It will be very diffcult for those who have allowed excessive flesh to grow in the stomach and hips to practise this. By practising this regularly over a period of time, all the excessive flesh that has grown in or near the stomach and hips will melt, the joints of the bones and nadis will clear up, the stomach will grow thinner and eventually the head will touch the knee. The deposits of excessive flesh are the main cause for the lack of flexibility in the body. All this can be melted away with asana abhyasa.
Many people who have a protruding stomach like a pumpkin believe that they are healthy. Others think that they have correspondingly as much more strength as their arms, legs and thighs are excessively huge, and they keep trying to enlarge the girth of the body. One can clearly say that this is a result of their stupidity. Being blessed with good health is not in the plumpness of the body. The limbs of small children are soft and supple — to lift and bend them is easy. The limbs of adults should be similarly soft and supple and strong and there should be no obstruction to the prana vayu and the blood circulation. Everybody knows that people who have overly large stomachs or who are obese often have excessive breathlessness and bloating of the stomach.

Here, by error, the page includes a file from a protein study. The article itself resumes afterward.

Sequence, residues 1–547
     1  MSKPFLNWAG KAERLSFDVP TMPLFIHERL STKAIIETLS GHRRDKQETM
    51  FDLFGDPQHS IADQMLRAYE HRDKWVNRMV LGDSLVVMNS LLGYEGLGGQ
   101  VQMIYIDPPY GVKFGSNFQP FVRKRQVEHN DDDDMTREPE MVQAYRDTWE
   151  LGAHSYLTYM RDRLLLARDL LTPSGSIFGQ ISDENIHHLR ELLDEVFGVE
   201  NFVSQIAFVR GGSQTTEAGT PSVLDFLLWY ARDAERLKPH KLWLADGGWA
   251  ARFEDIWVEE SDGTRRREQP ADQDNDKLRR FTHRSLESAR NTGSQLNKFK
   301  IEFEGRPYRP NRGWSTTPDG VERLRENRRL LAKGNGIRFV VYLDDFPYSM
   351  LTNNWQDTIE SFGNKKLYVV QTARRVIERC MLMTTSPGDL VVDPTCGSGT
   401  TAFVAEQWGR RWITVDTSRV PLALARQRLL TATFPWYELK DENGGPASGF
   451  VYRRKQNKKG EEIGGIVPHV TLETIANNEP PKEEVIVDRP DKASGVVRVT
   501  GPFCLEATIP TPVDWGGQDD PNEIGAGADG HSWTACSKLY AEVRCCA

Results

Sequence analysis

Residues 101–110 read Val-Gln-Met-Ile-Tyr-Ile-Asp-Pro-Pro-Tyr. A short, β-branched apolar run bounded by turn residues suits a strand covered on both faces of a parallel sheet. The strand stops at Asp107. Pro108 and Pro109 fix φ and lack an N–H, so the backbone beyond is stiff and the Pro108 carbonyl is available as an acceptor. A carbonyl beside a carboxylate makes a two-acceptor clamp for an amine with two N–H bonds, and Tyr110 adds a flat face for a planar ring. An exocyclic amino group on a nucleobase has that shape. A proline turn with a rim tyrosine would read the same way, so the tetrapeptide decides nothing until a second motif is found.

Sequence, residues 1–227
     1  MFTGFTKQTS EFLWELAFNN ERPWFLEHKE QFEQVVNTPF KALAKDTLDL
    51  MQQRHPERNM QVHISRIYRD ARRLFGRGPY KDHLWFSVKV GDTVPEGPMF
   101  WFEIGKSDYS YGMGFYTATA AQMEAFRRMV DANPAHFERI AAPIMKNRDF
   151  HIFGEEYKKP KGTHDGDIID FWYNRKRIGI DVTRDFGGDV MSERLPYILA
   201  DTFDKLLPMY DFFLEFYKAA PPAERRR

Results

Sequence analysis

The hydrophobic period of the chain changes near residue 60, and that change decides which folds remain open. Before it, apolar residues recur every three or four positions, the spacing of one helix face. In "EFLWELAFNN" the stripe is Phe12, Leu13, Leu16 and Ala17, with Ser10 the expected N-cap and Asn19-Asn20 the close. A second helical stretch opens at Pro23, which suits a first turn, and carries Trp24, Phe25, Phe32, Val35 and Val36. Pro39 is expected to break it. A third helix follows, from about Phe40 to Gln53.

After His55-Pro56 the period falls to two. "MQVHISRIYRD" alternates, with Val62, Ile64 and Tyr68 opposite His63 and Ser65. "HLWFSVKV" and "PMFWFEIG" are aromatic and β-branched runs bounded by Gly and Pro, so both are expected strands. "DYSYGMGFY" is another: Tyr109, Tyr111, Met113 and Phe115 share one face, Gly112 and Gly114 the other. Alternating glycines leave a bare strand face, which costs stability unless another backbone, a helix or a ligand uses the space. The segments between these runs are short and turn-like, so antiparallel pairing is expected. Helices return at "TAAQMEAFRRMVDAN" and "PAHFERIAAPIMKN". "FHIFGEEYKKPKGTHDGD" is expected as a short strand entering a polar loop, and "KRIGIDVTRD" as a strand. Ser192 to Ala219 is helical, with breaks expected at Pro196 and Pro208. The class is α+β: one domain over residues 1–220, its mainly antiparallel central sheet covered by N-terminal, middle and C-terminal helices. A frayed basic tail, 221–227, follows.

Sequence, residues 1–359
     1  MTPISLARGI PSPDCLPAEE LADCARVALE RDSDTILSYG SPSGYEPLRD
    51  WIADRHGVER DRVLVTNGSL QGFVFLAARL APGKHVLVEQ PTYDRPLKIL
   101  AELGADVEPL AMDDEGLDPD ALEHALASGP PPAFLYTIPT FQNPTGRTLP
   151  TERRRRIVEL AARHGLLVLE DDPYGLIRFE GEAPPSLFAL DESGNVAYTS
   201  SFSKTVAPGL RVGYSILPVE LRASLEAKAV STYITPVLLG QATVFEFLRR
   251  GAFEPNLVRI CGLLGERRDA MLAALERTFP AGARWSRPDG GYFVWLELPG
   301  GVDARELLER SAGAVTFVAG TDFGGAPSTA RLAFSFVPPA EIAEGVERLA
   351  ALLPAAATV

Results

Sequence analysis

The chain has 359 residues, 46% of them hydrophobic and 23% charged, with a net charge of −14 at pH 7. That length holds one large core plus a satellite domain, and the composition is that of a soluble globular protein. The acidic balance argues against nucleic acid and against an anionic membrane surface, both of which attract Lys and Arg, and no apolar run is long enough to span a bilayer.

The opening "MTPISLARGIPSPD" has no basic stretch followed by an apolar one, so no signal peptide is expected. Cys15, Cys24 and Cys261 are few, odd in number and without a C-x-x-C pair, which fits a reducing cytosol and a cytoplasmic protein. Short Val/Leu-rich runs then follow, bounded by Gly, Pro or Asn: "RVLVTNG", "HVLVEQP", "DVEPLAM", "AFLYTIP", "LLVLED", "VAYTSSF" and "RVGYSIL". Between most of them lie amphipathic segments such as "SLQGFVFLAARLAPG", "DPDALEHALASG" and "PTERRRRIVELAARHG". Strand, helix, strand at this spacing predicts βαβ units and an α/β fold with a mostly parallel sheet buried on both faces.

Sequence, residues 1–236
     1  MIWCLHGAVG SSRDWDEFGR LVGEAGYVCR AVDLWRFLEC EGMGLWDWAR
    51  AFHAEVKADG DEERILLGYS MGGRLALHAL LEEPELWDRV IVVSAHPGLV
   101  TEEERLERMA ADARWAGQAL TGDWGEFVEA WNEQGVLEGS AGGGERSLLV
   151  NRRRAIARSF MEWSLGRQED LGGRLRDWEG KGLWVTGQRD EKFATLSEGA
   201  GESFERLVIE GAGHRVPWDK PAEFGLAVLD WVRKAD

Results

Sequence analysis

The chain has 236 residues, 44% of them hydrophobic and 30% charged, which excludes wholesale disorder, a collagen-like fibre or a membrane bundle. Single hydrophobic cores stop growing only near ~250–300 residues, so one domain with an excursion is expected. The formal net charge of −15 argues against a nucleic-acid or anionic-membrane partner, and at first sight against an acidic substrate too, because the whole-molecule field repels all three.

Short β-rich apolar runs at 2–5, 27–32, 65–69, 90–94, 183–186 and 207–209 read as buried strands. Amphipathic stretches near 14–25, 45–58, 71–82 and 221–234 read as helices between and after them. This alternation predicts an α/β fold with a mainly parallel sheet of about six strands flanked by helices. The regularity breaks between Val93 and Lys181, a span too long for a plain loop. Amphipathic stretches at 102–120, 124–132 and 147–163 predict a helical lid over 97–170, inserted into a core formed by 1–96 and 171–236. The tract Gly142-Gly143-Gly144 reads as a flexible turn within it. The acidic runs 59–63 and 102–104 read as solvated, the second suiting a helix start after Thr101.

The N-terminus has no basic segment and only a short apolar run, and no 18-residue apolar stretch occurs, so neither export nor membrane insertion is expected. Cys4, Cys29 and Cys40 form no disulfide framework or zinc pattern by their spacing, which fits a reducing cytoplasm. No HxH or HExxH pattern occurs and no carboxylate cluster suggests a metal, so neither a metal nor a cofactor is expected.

But they have not realized that the vayu sancharam is not proper in any part of the body. When there is no proper movement of air in the body, mounds of excessive flesh will collect in the body forming a barrier. Without proper air circulation, how will the dust fly away? Without water, how can the earth become soft? Similarly, in our bodies, if we want the blood to circulate and the prana vayu to flow properly without obstruction, we need to first knock down and remove the bad deposits of flesh (durmamsam) which appear like a wall. Only prana vayu has the capacity and power to completely destroy the excessive blobs of flesh that exist here and there in the body. This cannot be done with any other medicine.